Welcome to Intelligent Divorce

The Money and Divorce blog is brought to you by Intelligent Divorce, the new way to get fixed-fee specialist legal advice on splitting your money when you divorce.

Our blog provides illustrated practical guides for those going through the divorce process, plus news on divorce, money and family breakdown.

"I would like to let you know that I found your website so invaluable in my divorce process. I am having to represent myself due to lack of finances and I know for a fact I wouldn't have been able to do it had it not been for your fantastic website. I would recommend it to anyone who find themselves in a similar situation to me." Madeleine

13 April 2015

Divorcee who won £10m, but says ex-husband cheated her out of millions more, wins right to appeal

A divorcee who claims her ex-husband cheated her out of a multi-million-pound fortune has won the right to reopen their divorce battle in the Supreme Court, reports the Daily Mail.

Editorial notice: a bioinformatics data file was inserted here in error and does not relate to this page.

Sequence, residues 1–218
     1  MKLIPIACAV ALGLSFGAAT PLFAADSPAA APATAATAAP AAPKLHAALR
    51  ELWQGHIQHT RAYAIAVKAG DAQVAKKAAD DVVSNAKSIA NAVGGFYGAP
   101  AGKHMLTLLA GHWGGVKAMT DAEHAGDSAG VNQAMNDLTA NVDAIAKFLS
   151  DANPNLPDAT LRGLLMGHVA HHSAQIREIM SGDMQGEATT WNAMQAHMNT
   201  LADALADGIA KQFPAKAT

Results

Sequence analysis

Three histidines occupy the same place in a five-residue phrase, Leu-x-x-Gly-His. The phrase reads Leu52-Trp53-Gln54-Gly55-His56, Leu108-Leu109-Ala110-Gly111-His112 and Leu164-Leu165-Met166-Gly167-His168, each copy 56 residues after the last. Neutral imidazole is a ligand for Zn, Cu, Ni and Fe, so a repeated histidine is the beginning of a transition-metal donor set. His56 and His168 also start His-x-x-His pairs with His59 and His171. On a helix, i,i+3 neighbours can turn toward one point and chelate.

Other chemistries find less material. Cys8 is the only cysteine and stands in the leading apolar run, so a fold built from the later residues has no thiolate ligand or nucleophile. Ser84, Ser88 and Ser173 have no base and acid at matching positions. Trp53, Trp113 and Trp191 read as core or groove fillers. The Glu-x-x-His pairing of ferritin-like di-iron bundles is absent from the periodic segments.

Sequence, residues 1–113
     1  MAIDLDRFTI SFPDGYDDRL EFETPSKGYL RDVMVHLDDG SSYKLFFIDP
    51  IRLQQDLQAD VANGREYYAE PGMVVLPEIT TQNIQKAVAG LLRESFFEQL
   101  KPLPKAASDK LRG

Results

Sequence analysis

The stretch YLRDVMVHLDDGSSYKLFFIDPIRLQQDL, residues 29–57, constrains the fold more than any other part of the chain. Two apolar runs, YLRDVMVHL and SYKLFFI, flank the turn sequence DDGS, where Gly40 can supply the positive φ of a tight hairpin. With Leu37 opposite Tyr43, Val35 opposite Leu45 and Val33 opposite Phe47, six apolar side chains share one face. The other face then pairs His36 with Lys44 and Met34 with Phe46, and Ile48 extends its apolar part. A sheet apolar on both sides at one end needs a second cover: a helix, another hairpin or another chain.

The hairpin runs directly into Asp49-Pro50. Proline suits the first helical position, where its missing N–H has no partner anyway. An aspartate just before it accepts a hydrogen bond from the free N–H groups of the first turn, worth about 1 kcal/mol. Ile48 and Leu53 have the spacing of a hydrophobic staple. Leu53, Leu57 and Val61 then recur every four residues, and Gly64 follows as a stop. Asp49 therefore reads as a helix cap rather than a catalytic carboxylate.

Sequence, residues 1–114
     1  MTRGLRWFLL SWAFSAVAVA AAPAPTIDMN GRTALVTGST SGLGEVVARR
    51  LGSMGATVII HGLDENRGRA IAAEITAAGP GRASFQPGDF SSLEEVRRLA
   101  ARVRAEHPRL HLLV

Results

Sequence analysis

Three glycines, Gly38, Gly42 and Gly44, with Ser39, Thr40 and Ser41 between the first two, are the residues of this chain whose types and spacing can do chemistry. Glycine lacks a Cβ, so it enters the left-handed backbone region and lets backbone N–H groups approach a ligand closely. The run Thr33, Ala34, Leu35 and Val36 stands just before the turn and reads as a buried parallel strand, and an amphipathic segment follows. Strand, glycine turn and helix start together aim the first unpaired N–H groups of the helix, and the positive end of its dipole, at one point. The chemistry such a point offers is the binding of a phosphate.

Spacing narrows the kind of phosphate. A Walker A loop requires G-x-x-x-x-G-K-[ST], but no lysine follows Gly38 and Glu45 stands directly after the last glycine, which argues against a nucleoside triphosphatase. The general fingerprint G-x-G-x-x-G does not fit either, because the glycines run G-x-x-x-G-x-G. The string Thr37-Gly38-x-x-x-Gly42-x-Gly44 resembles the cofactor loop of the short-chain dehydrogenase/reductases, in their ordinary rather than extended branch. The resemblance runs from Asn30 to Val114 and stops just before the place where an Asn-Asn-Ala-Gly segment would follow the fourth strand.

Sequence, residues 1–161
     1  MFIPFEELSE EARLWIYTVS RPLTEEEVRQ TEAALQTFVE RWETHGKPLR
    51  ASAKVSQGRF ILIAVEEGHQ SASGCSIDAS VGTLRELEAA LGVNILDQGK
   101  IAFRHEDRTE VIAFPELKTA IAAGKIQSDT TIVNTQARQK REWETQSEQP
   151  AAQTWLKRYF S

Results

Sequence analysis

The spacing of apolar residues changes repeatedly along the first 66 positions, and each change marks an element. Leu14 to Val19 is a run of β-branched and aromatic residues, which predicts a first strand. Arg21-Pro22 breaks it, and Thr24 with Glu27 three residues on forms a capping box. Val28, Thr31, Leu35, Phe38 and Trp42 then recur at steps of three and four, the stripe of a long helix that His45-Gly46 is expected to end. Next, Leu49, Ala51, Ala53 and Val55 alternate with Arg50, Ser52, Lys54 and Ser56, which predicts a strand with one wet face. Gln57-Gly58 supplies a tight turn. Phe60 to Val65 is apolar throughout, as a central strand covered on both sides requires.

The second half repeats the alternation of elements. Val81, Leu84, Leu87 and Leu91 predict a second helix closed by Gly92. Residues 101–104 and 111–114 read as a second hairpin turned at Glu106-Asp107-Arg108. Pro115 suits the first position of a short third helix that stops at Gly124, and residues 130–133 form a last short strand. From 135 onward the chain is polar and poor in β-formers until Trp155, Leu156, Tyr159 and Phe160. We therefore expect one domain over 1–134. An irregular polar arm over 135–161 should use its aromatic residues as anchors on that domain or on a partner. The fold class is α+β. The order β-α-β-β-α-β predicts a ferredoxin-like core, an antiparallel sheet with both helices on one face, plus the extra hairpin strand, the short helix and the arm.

Alison Sharland, 47, agreed a £10.35million settlement in a deal that saw her give up her claim to an equal share in her husband's software company.

But husband Charlie had lied about the value of his share in AppSense, and she now says she is entitled to more.

The Court of Appeal found that Mr Sharland, 54, had deliberately hidden information and lied to the court but refused to overturn the divorce settlement.

Mrs Sharland will now take her fight to the Supreme Court.

The Sharlands, from Wilmslow in Cheshire, married in 1993 and Mr Sharland founded the software company AppSense in 1999.

The couple, who have three children, separated in 2010 and agreed to split their assets.

But they could not agree over the value of Mr Sharland's share of AppSense, which has grown to become one of the biggest firms of its kind in the world with offices in Silicon Valley, New York, Australia and across Europe.

She eventually agreed to accept £10.35million in cash and property and 30 per cent of the proceeds from her husband's shares when they were put on the market.

The deal was agreed on the basis that they were worth no more than £32million.

But within days of the agreement an initial public offering on the stock market – which never took place – valued the company at more than £460million, meaning his shares were worth around £132million after tax.

Mr Sharland did not dispute that he misled his ex-wife and an Appeal Court judge said his conduct was 'deliberate and dishonest' but the court ruled that Mrs Sharland was bound by the agreement she had signed and refused her appeal.

The case will now be heard at the Supreme Court in June.